Dear Boss: I Want to Graduate. Let’s Talk.

Dear Dora: I want to graduateDear Dora,

What’s the best way to get the conversation going about graduation dates with your PI?

– Henry, grad student


Dear Henry,

Thank you for asking this very relevant question. Many students are under the impression that they need to have reached certain milestones before they can have the “talk” (i.e. when to graduate) with their PI. In fact, it’s never too early to start that conversation. A friend of mine received graduate school funding for four years. So, on his first day he sat down with his supervisor to discuss how to design a PhD-level project that could be completed in four years. He met periodically with his PI to make sure he was on track and he did actually graduate in four years, even though the average for his group was around six years.

No matter how early (or late) you are in your program, it can only be to your advantage to be proactive regarding your plans for graduation. Before you meet with your PI read previous theses from your department to get an idea of the scope of a doctoral dissertation. Then design a study plan with specific research questions that you would like to answer, and discuss with your PI whether he or she agrees with your plan. If you are expected to publish, then this would be a good time to go over the manuscripts you are planning to write. It is also a great opportunity to talk to your PI about techniques or instruments you would like to learn about before you graduate. (It’s never too early to think about marketable job skills!)

Since research frequently takes unexpected turns, you will probably need to meet regularly with your PI to make sure you are staying on track. One of the biggest mistakes students make is to “hide” from the PI when their research is not going well. Remember to reach out for help when you are stuck, because it is in your PI’s interest that you succeed and publish.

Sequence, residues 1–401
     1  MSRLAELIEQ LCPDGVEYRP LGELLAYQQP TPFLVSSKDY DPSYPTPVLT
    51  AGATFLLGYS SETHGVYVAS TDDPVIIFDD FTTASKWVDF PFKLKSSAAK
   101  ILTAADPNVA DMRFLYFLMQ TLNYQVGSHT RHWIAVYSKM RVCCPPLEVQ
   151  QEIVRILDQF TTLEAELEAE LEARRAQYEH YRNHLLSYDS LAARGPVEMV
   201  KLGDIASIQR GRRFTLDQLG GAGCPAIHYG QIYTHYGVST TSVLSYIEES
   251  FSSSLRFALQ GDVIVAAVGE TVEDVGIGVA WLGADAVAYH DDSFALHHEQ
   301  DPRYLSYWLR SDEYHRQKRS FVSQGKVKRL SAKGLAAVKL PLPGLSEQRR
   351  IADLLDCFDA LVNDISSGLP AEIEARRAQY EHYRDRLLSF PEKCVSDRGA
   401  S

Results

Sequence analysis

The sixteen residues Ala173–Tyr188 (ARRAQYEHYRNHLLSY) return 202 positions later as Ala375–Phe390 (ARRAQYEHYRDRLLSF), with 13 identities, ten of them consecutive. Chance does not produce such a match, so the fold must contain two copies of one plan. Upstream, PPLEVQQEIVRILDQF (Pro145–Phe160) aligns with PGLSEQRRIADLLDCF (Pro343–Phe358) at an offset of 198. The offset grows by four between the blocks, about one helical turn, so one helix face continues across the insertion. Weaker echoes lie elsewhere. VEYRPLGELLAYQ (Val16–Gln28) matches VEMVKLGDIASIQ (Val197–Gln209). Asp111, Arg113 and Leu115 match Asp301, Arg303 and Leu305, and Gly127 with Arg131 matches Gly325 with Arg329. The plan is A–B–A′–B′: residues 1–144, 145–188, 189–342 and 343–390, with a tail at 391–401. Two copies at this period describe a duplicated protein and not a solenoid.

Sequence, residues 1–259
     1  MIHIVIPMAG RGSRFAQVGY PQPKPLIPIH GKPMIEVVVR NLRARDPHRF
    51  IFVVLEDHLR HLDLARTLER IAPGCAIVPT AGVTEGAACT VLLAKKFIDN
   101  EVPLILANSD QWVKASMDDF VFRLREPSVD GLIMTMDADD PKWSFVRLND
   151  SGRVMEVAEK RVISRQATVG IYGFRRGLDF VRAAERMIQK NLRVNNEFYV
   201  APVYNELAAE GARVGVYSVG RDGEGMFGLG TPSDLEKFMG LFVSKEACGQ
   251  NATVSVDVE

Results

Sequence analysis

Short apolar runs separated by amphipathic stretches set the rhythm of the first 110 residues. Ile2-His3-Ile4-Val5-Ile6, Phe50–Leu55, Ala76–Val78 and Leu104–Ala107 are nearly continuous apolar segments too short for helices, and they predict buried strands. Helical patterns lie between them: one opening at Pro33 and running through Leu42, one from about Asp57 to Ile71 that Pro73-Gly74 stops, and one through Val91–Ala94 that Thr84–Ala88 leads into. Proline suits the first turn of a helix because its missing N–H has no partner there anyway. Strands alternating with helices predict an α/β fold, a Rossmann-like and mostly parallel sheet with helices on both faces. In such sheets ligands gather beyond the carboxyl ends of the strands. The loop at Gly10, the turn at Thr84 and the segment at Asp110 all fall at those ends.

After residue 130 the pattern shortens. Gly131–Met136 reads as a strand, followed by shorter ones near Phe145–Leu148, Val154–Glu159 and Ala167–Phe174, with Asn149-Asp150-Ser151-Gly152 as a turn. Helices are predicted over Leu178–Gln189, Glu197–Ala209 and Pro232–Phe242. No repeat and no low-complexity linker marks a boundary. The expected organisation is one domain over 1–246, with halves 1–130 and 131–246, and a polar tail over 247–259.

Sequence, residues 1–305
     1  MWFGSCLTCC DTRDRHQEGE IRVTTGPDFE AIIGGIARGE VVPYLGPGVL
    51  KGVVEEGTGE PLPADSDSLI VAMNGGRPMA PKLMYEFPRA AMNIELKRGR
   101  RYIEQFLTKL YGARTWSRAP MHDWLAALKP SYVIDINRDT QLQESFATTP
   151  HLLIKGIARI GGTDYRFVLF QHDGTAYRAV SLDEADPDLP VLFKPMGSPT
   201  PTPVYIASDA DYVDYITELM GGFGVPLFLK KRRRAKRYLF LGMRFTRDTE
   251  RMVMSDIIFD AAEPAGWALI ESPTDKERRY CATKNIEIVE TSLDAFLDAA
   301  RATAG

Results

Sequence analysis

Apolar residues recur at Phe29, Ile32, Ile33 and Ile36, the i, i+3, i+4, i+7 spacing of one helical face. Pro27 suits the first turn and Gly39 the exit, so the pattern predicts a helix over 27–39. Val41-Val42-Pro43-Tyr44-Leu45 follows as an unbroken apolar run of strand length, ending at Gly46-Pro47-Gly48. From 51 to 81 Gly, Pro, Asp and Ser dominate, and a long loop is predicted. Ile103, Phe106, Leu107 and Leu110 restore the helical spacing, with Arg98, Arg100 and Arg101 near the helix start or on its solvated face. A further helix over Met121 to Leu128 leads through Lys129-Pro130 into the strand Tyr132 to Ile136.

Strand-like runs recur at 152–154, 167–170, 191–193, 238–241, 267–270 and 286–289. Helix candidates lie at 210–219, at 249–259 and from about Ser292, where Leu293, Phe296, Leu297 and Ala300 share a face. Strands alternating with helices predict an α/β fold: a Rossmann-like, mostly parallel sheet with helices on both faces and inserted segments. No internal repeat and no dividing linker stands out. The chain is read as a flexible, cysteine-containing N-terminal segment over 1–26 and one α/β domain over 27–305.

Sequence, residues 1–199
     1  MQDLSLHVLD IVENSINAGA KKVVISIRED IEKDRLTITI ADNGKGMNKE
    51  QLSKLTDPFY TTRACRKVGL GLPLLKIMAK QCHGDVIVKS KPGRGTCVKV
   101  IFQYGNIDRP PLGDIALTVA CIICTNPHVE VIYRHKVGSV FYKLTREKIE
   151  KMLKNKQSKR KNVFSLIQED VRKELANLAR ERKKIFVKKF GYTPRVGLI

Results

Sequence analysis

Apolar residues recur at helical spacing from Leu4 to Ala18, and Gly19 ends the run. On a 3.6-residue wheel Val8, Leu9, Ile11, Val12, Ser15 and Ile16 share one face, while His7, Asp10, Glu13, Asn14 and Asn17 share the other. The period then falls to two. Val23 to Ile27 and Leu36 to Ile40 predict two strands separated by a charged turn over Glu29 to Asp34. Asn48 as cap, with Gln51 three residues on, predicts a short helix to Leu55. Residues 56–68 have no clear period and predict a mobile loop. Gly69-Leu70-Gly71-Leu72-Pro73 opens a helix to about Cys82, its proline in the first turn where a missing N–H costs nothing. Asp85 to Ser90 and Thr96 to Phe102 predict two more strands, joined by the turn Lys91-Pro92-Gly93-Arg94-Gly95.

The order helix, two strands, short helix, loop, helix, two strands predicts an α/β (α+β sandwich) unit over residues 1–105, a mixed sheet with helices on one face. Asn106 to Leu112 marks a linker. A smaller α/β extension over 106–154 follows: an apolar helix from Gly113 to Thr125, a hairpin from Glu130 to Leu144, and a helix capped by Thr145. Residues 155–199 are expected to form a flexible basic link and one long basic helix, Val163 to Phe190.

In summary, the sooner you can talk with your PI and the better prepared you are for the meeting, the better!


Dora Farkas, Ph.D. is the author “The Smart Way to Your Ph.D.:200 Secrets from 100 Graduates,” and the founder of PhDNet, an online community for graduate students and PhDs. You will find links to her book, monthly newsletters, and discussion board on her site. Send your questions to [email protected] and keep an eye out for them in an upcoming issue!


Stay tuned for the next Dear Dora in two weeks!  In the meantime, check a few of Dora’s recent posts:


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1 comment so far. Join The Discussion

  1. Yevgeniy

    wrote on February 14, 2012 at 10:57 am

    I completely agree with Dora. The sooner you approach this subject, the better. Some PIs have a tendency to get "clingy" when it comes to graduating their students. Why? Well, because you have become a valuable resource to the lab and in many ways, unique. So when all of a sudden you tell you PI that you want to graduate in 6 months, they might have a sudden attack of separation anxiety. So it is better to get the ball rolling early and make sure that your PI agrees with your timeline for finishing your work and graduating.

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